In my view both of these readings are problematic. For starters, THE BOOK OF ELI is not presenting Eli as a Christian. Although he reads from the Bible, and gives thanks for his meals, the name of Christ is never once invoked in the film. Instead, Eli prays to “the Lord” and closes his prayers with a simple “Amen.” In this way his brand of religious devotion may be understood as a generic brand of Judeo-Christian theism rather than a specific expression of Christianity. If the film does not present the Christian faith and the actions of a devoted Christian, then it is difficult to see how the film could be construed as either pro- or anti-Christian.
If these popular readings may be inaccurate, then what reading might better account for various elements of the film? I suggest that, instead, THE BOOK OF ELI should be understood as a critique of the misuse of religion by skeptics and religious devotees alike. First, consider the late-modern and post-9/11 context of the film. Late modernity, or postmodernity, often includes critique of dominant cultural narratives, including religious ones. In addition, we live in a post-9/11 world, where religious tensions and violence around the world exert a constant influence in our lives. When these two considerations come together, it is plausible that the cultural context out of which THE BOOK OF ELI has arisen is one that attempts to critique prominent religious narratives, particularly those that have led to violence.
This leads to my second consideration, and that is the ways in which religion is used by the two principle characters in THE BOOK OF ELI. On the one hand, we have Carnegie, a violent man who seems to have no religious convictions of his own but who seeks a Bible because he recognizes its potential for expanding his power over others. In one scene he shouts to his cronies that “It’s not a book, it’s a weapon!” Here we have a character who seeks to use an important aspect of a religious tradition in order to gain control over “the weak and desperate,” but not as an important part of his heartfelt religious pathway. As the villain of the film it is clear that viewers are to recognize the illegitimacy of Carnegie’s (mis)use of religion.
However, there is a second major character for whom religion is significant: Eli. While his use of religion is presented more positively, it is not without its difficulties. Eli is a lone hero with a divine mission who must do everything he can to protect the holy book as he carries it West. In a post-apocalyptic world where people are fighting for their lives, Eli’s mission results in mayhem and violence for those who try to kill him and steal his belongings, including the Bible. Not only is Eli prone to violence in his mission, perhaps understandable in the survivalist context, but his violence is selective.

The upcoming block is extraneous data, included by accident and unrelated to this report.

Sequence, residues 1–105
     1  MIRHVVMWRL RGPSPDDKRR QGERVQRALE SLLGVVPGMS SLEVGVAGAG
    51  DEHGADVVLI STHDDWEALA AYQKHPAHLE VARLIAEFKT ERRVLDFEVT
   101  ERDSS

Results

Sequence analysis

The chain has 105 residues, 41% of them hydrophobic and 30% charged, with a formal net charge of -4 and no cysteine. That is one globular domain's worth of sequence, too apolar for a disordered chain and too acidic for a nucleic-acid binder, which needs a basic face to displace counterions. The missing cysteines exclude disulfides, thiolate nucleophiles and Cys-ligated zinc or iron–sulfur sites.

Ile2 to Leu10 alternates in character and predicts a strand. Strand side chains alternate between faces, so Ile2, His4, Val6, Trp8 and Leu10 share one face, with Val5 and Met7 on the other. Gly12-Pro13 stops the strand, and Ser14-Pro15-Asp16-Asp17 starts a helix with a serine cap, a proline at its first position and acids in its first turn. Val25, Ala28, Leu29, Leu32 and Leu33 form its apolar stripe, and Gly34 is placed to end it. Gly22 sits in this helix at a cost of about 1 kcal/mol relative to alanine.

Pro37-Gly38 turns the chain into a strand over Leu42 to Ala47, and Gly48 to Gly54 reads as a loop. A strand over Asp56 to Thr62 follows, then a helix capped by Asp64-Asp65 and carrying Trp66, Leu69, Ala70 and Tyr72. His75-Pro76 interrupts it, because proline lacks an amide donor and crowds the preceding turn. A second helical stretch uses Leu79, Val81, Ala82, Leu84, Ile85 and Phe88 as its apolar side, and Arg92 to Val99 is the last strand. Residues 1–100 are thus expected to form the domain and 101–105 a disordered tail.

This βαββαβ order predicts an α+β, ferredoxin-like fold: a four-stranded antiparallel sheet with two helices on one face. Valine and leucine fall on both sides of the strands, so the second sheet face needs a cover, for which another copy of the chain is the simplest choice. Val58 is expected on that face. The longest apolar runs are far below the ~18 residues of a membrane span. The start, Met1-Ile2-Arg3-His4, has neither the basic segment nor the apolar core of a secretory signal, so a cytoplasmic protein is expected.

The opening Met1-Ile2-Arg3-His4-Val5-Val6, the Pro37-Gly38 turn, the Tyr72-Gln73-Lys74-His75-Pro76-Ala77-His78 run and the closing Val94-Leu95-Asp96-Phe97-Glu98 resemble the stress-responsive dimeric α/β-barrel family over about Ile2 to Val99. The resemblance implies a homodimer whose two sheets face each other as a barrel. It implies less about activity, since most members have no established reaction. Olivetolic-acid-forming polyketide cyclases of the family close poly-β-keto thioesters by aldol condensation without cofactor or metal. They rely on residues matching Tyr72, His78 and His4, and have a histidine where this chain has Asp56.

In one scene Eli sees a man and a woman traveling who are accosted by a roving gang affiliated with Carnegie. The man is killed and the woman is violently raped. Eli is moved by this viciousness, but he tells himself that he has his mission and that the violence taking place around him is not his concern. So in the case of Eli we have a man of religious devotion who is driven to great violence to protect a religious object, but who is not driven to “love his neighbor as himself” to the extent that his faith compels him to assist those suffering around him. Thus, while Carnegie’s use of religion is clearly problematic, Eli’s is as well, perhaps more so in light of his religious devotion.
For those who may dispute this interpretation of Eli’s actions, Eli himself seems to come to understand that his own faith missed the mark. Near the conclusion of THE BOOK OF ELI, after Eli has lost the book to Carnegie, he is rescued by his traveling companion Solara, to whom he acknowledges that he was so caught up in protecting the Bible that he failed to live its message. Eli’s religious faith was focused on the externals, that of protecting a sacred item of Scripture, often leading to grotesque violence, perhaps necessary at times; in the process, he failed to internalize the essence of his religion and, in so doing, turned a blind eye to the suffering around him that he might have been able to alleviate.
Viewed from this perspective, THE BOOK OF ELI may be read as not so much articulating a pro-Christian or anti-Christian message. Rrather, arising out of a critique of religious narratives of our time that often incorporate violence and neglect marginalized, this film may be read as one that cautions against the abuse of religion by believers and non-believers alike. For those willing to stretch themselves in their consideration of religion, from whatever their personal frameworks, THE BOOK OF ELI provides some interesting aspects for personal reflection.
The DVD and Blu-ray discs of THE BOOK OF ELI include a handful of special features. The standard version of the DVD is disappointing in that its bonus material is limited to some additional scenes and an animated tale that develops the storyline further. The Blu-ray Combo Pack includes more – not only the additional scenes and animated story, but also explorations of other aspects of the story related to Eli’s journey and post-apocalyptic, as well as a soundtrack for the film.